Bushings: Energy Suspension 9.5157 ENS-9-5157G
3” exhaust clamps: Summit SUM-G4730 SUM-G4730

Purcased the 3" clamps from autozone ,Bushings and end links on line from energy suspension, and bar from local ford dealer.
 

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Update: Yesterday, my brother and I took a 300 mile road trip through Ohio's "Appalachia" region. When negotiating freeway interchanges, the car handled amazingly neutral! I pushed it near the adhesion limits of the tires, and it would not over or under steer, but all the tires started howling.

I also looked under the car while it was on a level surface, and the arms of the sway bar are parallel with the ground, so I guess the links are the right length, not too long like I originally thought.

I am more than pleased with this easy and inexpensive mod.
 

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Discussion Starter · #56 ·
Get the word out. Pretty soon EVERY one of these wagons that comes up for sale will already have the rear bar mod on it.
 

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Maybe I'm missing something but I'm not using the channel on my 96 RMW. I see 2 holes on the frame piece on each side. I enlarged one for the endlinks. I haven't installed the Crown Vic bar yet(waiting on the bar bushings) but everything looks like it will line up. :confused:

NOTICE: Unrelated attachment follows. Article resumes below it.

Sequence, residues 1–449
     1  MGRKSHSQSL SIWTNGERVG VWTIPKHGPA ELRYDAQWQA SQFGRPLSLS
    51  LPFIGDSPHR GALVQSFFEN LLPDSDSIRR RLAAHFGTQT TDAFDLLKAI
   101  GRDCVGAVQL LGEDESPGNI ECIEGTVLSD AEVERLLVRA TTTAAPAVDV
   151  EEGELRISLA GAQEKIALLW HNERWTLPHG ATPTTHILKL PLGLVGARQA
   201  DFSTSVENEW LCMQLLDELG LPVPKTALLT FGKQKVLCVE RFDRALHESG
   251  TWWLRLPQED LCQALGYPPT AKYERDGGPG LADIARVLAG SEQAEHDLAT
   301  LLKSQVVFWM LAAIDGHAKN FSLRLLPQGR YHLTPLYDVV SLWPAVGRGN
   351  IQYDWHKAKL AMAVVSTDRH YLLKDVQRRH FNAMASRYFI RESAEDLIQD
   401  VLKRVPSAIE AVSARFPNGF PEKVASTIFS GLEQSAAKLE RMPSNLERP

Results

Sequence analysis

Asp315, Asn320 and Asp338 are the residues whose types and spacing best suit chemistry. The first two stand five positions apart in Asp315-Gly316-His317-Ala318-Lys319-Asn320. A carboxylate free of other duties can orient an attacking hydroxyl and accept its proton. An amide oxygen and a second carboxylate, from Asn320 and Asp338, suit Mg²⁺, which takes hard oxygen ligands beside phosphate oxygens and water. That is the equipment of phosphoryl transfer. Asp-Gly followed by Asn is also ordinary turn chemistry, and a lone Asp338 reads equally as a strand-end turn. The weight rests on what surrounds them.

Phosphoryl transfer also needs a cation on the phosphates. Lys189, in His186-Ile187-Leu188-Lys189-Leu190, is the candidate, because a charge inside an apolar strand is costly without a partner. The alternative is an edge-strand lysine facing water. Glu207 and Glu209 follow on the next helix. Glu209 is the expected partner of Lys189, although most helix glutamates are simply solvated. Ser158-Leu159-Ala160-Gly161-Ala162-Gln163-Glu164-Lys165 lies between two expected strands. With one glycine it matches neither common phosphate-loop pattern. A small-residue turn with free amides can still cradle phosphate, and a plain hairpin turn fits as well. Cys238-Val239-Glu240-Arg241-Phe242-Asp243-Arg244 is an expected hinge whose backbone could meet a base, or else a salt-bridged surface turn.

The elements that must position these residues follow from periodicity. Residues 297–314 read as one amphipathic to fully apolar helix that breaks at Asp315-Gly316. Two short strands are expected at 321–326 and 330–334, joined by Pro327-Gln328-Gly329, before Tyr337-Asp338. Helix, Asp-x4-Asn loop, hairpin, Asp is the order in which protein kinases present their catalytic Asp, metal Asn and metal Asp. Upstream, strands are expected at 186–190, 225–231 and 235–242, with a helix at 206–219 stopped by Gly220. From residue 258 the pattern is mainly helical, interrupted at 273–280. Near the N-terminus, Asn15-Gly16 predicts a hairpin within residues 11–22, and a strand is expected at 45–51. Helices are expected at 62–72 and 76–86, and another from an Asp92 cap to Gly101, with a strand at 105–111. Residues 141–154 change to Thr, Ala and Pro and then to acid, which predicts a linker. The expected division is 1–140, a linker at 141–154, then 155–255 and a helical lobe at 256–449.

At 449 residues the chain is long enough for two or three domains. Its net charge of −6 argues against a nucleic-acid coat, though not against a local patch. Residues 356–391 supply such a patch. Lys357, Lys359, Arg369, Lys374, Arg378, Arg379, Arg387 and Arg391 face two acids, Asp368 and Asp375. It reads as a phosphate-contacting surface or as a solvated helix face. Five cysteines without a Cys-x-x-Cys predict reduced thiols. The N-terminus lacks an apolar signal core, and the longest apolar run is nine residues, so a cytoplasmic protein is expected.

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I just installed the Crown Vic bar using the forward holes that I enlarged slightly. Everything lined up nice and the handling is FLAT. Used the original rubber bushings from the Crown Vic and MOOG K6630 endlinks.
Need to tweak the gas tank heat shield. It's hitting on big bumps.
 

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Am I missing something?

I've been wanting to do this mod for a while but never been able to find a good used bar. I've re read all six pages of the thread but I think I'm missig something or looking too far into it.

When installing the muffler clamps over the rear axel, what is being done with the rear brake lines? Is there a specific way to place the clamps to keep them off the hard line? I haven't mocked anything into place yet. I was just concerned with the brake line issue. Can anyone who performed the mod post a picture of the clamps going over the brake lines. Thanks.